The franchise “Double Wink”

The franchise “double wink”

What is the franchise “double wink”?

The franchise “double wink” can be described as a method for a franchise rep or one who presents you with a franchise opportunity to disclose financial information they shouldn’t be disclosing.

Any information not contained in the franchise disclosure document under item 19 may not be provided unless disclosed.  This pertains to FPR’s or franchise performance representations. 

A description follows:

A financial performance representation, or FPR, includes any oral, written, or visual representation to a prospective franchisee (including a general dissemination in the media) that states or suggests a specific level or range of actual or potential sales, income, gross or net profits, or “break-even” figures.

I recall a discovery day visit to a N.Y. franchisor of a “Ranchy” type  chicken franchise. This was some 10 years or so ago and has likely changed since.

During the slide show presentation the representative popped up a slide that included profit and sales information not included in the franchise disclosure document.

“How did that get in there?” he asked with a smile.  He then excused himself for a moment while the slide remained up…providing just enough time for us to read it carefully.

Upon his return he apologized for it being there and moved on with the presentation.

Could this have been an actual error?  Unfortunately I think not.  It was a deliberate “double wink” effort.

Example 2

Another example goes something like this.  A relatively new emerging franchisor hasn’t the data to yet provide a realistic FPR.  The rep goes on to say something along these lines:

“The per “job” profit is roughly 30%”.  “The average job is about $6,000.00”.  “We expect our Franchisee’s to do roughly 125 jobs per year”.  And then came the “double wink”.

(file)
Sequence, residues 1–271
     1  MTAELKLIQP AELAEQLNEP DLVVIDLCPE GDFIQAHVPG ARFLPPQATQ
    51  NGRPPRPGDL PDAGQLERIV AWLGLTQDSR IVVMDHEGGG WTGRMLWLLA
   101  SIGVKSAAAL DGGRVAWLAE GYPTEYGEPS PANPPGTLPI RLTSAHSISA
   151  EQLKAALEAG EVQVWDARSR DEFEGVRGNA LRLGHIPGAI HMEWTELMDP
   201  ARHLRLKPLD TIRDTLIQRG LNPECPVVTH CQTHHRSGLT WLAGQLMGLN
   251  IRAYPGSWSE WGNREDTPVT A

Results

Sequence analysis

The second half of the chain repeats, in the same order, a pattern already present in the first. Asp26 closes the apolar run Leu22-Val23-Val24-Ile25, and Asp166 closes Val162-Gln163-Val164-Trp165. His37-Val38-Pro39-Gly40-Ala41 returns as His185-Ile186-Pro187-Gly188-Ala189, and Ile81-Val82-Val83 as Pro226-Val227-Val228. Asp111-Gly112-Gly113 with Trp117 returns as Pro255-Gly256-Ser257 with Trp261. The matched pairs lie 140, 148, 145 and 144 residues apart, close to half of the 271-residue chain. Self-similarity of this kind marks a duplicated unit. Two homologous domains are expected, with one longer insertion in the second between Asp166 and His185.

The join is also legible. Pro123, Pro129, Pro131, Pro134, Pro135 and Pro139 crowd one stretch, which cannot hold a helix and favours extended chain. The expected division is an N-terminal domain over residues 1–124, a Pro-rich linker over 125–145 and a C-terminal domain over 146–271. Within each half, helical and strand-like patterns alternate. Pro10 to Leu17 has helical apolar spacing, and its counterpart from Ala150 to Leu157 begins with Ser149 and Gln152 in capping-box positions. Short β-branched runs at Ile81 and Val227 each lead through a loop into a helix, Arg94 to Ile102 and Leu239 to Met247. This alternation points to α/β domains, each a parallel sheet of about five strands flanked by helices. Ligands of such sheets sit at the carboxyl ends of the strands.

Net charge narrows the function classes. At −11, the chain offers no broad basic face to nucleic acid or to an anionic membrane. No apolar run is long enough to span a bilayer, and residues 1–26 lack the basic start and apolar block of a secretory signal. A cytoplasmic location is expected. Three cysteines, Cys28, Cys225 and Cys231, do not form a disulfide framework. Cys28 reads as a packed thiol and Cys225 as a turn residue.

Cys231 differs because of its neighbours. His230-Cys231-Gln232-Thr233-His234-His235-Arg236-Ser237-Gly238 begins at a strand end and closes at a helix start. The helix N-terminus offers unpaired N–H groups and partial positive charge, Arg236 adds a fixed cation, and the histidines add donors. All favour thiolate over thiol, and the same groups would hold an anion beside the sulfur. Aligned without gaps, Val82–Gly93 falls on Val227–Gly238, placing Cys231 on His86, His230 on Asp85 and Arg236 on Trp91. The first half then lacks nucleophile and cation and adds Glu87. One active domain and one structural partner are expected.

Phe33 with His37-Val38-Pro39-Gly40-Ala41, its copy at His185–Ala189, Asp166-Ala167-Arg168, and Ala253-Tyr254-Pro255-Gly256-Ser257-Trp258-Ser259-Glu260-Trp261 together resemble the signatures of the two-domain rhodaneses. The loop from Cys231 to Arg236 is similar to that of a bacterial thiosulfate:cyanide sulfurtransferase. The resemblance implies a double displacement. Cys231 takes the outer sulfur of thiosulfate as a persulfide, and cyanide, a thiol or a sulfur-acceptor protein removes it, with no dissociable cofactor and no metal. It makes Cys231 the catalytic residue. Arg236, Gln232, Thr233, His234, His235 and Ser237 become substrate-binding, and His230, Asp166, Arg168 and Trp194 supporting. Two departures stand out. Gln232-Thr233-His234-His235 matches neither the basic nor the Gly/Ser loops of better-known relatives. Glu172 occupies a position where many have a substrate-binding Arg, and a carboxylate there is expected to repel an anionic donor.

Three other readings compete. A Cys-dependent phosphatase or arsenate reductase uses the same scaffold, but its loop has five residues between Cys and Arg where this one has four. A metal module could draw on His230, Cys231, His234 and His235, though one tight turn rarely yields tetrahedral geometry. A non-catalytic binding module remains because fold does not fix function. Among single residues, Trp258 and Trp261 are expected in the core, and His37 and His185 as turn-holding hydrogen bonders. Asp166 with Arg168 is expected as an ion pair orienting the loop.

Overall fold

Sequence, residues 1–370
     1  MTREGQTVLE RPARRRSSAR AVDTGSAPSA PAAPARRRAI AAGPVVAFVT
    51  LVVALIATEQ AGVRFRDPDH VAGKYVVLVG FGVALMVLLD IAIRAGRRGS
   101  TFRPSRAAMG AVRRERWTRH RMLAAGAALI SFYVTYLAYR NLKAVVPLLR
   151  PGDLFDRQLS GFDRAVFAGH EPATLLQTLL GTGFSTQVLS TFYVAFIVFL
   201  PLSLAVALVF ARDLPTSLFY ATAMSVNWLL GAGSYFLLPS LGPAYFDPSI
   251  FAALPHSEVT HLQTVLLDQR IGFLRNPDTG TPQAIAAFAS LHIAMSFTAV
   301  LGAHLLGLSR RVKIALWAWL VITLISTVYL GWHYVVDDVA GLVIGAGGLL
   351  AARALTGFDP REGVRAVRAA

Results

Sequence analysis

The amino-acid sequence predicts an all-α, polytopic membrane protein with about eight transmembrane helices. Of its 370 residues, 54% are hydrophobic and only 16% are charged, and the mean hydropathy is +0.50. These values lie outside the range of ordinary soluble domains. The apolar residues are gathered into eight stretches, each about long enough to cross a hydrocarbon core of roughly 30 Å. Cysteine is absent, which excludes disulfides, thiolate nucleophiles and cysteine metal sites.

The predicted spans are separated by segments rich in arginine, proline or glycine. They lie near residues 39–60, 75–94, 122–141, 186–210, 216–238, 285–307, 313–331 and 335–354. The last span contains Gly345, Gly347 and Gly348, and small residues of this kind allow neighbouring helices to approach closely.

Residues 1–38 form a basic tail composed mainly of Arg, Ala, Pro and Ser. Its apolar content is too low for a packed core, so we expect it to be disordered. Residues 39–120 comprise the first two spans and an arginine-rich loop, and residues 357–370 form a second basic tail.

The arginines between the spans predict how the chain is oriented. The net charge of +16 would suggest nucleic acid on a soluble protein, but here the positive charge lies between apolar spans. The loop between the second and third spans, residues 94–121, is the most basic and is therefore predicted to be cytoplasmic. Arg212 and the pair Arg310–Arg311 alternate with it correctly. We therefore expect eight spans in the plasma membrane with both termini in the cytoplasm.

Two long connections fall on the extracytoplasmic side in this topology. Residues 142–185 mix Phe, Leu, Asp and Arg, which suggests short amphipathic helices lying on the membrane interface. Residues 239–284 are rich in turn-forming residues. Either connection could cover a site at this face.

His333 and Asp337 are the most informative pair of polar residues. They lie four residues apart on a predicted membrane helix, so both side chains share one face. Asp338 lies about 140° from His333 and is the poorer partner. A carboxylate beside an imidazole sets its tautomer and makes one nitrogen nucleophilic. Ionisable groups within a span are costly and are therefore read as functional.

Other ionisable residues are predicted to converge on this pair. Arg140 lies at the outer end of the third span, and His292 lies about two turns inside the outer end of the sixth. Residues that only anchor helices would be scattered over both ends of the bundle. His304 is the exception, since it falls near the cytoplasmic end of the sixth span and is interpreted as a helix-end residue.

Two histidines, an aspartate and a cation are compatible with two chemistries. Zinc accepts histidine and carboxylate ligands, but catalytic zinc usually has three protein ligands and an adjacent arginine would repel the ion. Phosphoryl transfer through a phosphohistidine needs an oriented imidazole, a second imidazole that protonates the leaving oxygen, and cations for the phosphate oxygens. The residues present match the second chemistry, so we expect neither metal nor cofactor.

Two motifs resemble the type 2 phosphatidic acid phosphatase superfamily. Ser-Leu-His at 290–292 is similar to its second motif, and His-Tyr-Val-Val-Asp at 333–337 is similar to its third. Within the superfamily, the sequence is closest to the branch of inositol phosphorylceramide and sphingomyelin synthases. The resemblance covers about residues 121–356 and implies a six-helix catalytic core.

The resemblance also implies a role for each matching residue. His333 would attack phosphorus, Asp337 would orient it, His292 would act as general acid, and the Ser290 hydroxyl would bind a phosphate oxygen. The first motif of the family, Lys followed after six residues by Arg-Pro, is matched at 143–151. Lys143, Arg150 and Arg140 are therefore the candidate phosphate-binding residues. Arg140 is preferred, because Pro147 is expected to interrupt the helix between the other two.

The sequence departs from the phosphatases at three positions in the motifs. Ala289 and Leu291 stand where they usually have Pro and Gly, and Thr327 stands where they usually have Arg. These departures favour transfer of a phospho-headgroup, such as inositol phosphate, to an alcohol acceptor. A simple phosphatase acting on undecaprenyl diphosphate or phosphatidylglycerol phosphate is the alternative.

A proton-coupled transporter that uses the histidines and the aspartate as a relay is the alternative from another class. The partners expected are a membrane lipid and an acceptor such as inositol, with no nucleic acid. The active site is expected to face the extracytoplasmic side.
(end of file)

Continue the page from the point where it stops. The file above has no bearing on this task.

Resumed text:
“You do the math.”  

Even if true, the statement violated the FTC rule regarding disclosure.

Example 3

Last, another example by way of dissemination in the media:


True or not can be argued.  The problem in this example is that the data described is nearly 3 years old and not representative of Franchisee data but rather company operated data.

There are so many more examples of the “double wink” that it would take 4-5 times the size of this article to outline them all.

Point being if you’re ever faced with the “double wink” find the nearest exit. 

The only information you can possibly rely on is that information included in the FPR which YOU have verified by doing your due diligence and speaking with Franchisee’s.

Ask the franchisor to provide you with the details in support of the FPR item 19 they disclose as well as information supporting item’s 5,6,7, and 21 of the FDD.  

You are NOT limited to researching and verifying these items alone as there are other integral portions of the FDD that must be understood and verified.  Advice here is to have your franchise attorney and franchise accountant assist you.


The FDD can be a valuable resource for taking that “deep dive” into a franchise as part of your journey.  

The article is not meant to disparage franchisors as, in my experience, most avoid the sort of violations I’ve included here. 

Just be certain to be extremely aware and wary of the franchise “double wink”.  If you’ve done your research and understand the point being made in this article you’ll know when, and if, it happens to you.  

Do not allow it.

As always I leave you with this.

“Do the right thing, you’ll sleep better”